#Safe2Sturgis

Recently launched motorcycle safety campaign urges caution on the roads.

It’s Sturgis Rally time, and the Cody Police Department reminds motorists and motorcyclists to use extra caution when navigating the extra busy streets and highways.

The famed rally in the South Dakota Black Hills draws motorcyclists from across the United States and the world. This year the event runs July 30-Aug. 15. According to Sturgis.com, the Sturgis City Rally Department counted 510,749 riders in 2015. 

On the way to and from the rally, many riders drive through Cody as they take scenic routes like Beartooth Pass, Chief Joseph Scenic Highway, the Big Horn Mountain Loop and Wind River Canyon.

As motorcyclists converge to one region, the accident rate increases. In fact, 16 percent of motorcycle fatalities in Colorado, Nevada, North Dakota, South Dakota, Utah and Wyoming occur during the three-week time period around the Sturgis Rally in August.

Use caution

The reality is harsh and it will take efforts by all drivers to reduce the number of motorcycle-related accidents. 

That’s why CPD Chief Chuck Baker is urging everyone to drive with caution. He has joined other government leaders and law enforcement officers in sharing that message through a recently-launched motorcycle safety campaign. 

“As the chief of police, a citizen of Cody and a motorcycle enthusiast myself, it’s my intention to support this campaign and get the information out to our community,” Baker said. 

The message of caution and safety is particularly earnest this summer following the horrific motorcycle wreck in June that happened when a truck driver struck a group of German tourists on the North Fork. The accident resulted in three fatalities and four others injured.

High fatality rates 

While motorcycles are the most fuel efficient class of highway vehicle, they are also the most hazardous, says the Wyoming Department of Transportation. 

According to information Baker provided from various agencies:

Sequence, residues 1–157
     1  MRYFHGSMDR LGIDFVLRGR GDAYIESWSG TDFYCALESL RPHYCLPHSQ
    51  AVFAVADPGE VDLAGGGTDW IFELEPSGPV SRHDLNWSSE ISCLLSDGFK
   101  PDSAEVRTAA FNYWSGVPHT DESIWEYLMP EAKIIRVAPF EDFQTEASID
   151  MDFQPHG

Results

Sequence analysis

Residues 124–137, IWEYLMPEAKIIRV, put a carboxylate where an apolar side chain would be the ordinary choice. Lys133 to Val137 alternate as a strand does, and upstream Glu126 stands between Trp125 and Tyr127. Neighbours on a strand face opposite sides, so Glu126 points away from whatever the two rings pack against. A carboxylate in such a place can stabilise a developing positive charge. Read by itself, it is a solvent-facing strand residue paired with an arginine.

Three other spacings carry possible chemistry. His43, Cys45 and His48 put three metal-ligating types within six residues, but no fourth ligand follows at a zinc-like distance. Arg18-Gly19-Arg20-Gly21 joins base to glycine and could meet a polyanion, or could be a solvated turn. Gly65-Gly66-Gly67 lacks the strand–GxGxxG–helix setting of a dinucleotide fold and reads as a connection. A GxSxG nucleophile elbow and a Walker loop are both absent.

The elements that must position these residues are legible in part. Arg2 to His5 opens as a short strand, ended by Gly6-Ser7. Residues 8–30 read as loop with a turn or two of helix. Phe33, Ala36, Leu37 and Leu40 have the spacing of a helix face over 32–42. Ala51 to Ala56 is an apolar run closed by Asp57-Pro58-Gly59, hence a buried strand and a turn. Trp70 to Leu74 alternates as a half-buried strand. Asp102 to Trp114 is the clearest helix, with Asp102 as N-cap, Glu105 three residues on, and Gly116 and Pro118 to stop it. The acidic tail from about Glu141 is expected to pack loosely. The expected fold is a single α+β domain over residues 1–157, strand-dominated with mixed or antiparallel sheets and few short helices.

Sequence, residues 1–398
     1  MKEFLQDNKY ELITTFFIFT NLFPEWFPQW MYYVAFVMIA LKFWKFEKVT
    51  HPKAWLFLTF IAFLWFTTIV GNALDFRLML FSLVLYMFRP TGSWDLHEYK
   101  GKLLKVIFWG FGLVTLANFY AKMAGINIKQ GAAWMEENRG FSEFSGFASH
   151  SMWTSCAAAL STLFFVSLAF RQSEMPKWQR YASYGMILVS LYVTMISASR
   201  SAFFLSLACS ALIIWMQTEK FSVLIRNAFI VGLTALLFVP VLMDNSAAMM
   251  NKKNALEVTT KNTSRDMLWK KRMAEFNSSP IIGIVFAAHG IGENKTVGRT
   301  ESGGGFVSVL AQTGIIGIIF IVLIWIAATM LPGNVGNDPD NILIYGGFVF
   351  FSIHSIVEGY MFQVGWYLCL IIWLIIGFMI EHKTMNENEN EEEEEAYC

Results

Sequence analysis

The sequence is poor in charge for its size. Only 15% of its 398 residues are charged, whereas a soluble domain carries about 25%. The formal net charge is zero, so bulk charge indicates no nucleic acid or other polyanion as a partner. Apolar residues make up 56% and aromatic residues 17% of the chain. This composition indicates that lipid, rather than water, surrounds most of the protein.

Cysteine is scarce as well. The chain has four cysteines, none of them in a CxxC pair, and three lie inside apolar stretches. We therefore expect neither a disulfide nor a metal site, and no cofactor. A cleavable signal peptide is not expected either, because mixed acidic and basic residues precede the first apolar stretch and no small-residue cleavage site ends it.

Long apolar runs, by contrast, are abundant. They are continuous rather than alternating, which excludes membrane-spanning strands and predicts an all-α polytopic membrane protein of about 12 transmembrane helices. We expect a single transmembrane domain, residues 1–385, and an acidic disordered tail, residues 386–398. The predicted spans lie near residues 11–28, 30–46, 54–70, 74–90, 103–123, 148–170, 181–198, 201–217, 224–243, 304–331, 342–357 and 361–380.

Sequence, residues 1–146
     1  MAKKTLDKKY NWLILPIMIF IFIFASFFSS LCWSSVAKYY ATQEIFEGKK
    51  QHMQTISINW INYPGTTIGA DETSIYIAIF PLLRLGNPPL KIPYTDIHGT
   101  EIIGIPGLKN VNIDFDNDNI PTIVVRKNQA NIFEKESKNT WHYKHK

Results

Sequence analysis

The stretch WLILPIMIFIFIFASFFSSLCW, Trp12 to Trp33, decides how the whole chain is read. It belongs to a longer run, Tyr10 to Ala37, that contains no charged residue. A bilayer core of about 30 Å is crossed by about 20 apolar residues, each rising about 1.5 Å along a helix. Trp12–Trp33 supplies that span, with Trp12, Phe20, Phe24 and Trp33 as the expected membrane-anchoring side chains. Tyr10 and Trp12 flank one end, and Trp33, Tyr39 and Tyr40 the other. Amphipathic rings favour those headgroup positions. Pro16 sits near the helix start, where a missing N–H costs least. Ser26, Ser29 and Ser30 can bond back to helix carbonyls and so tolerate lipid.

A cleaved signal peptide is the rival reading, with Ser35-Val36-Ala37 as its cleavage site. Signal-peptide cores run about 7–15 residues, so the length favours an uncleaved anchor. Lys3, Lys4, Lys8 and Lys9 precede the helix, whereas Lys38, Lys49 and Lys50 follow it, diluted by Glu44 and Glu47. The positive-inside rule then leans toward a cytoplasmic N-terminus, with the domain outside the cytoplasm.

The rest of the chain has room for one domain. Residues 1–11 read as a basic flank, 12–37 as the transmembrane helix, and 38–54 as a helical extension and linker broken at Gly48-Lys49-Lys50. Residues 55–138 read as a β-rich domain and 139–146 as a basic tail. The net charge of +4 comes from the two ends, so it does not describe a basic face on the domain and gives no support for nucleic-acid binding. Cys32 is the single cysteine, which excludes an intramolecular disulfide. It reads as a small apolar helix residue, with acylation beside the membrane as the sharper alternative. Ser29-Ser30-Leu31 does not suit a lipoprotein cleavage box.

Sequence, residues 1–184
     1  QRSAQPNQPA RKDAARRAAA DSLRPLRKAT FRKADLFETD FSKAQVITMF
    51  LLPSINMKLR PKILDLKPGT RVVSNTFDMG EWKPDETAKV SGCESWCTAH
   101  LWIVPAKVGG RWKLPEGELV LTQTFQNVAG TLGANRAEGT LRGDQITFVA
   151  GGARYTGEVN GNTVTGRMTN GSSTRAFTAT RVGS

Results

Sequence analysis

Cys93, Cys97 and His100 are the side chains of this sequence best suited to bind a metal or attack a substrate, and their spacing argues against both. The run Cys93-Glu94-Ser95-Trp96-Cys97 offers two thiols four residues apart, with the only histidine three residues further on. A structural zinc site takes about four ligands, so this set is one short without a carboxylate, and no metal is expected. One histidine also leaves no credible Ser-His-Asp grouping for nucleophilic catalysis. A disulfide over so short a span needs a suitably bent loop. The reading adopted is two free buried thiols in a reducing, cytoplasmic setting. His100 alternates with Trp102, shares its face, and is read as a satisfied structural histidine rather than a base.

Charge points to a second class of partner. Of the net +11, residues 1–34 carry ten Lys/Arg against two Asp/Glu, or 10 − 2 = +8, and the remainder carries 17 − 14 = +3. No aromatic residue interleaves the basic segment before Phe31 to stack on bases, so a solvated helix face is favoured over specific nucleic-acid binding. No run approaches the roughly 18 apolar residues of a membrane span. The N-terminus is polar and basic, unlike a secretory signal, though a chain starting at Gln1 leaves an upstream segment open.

• Motorcycles account for less than 1 percent of registered vehicles in Wyoming, but are represented in 18 percent of fatal crashes. 

• If you hit a motorcycle, no matter who is at fault, you are likely to seriously injure or kill someone. 

• Motorcyclists in Wyoming are 85 percent more likely to be injured or killed in a crash (vehicle occupants, 23 percent). 

• In Wyoming in 2015, 24 people died in motorcycle crashes, making it the third highest fatality year for Wyoming in at least 20 years. Forty-three percent of those 24 riders were impaired. 

• Wyoming residents represented 57 percent of those 24 fatalities. The average age of those who died was 54.

Governor weighs in

Last year most motorcycle crashes in Wyoming occurred in August. 

This year six lives have already been lost in Wyoming, says a message from Gov. Matt Mead, who has issued “talking points” as part of the campaign. 

Mead’s statement reminds all road users to practice safe riding and cooperation. 

“It’s especially important for motorists to understand the safety challenges faced by motorcyclists – such as size and visibility, and motorcycle riding practices like downshifting and weaving – to know how to anticipate and respond to them. 

“By raising motorists’ awareness, both drivers and riders will be safer sharing the road,” Mead said.

The CPD has posted motorcycle safety tips on Facebook. Additional information is available on the WYDOT website.

Bike accidents complex

To address safety and help reduce the number of fatalities and injuries on Wyoming roadways, Baker stresses three important actions:

• Education and information in promoting safe riding practices, 

• Cooperation from all road users 

• General awareness.

“While high risk and reckless operation of any motor vehicle will not be tolerated … addressing motorcycle safety [solely] by enforcing existing vehicle and traffic laws is not enough,” the police chief said. 

Baker said repercussions  reach beyond the immediate loss of life, injury and property damage. There is often long-term economic impacts such as lost household production and earnings and medical costs along with vocational rehabilitation and workplace expenses. Administrative, legal and insurance industries are also effected.  

“Share the road,” said the police chief.

Wrecks on Beartooth

Fortunately no vehicles were involved when two bikers lost control June 16 in separate accidents occurring eight miles apart and within a 35-minute time frame.

The bikers were attending the Beartooth Motorcycle Rally that runs through Beartooth Pass in Red Lodge. Both accidents occurred between noon and 1 p.m. on the Beartooth highway switchbacks.

Trooper Brad McConnell investigated the first accident at milepost 31 on WYO 296. 

California biker Darcy Rietveld, 48, was with a group of riders when she took one of the curves too fast, lost control and laid the bike down. 

McConnell said she and the bike slid into a guardrail. 

Rietveld, who was not wearing a helmet, suffered leg injuries. She was taken by ambulance to West Park Hospital.

McConnell said the motorcyclist in the second accident at milepost 39 took a curb too fast and hit a parked vehicle. When the trooper stopped, he saw the biker walking around with a bloody nose and what looked like gravel in the face. 

Both accidents occurred along a stretch of highway where bends in the road make it increasingly tighter. 

(Rhonda Schulte can be reached at rhonda@codyenterprise.com.)

 

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